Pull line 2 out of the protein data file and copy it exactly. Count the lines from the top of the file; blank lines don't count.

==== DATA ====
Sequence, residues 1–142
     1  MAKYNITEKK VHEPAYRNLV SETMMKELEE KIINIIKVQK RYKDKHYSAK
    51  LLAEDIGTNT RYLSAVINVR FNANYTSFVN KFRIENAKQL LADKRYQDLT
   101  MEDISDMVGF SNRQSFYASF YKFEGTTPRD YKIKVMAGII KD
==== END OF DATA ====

     1  MAKYNITEKK VHEPAYRNLV SETMMKELEE KIINIIKVQK RYKDKHYSAK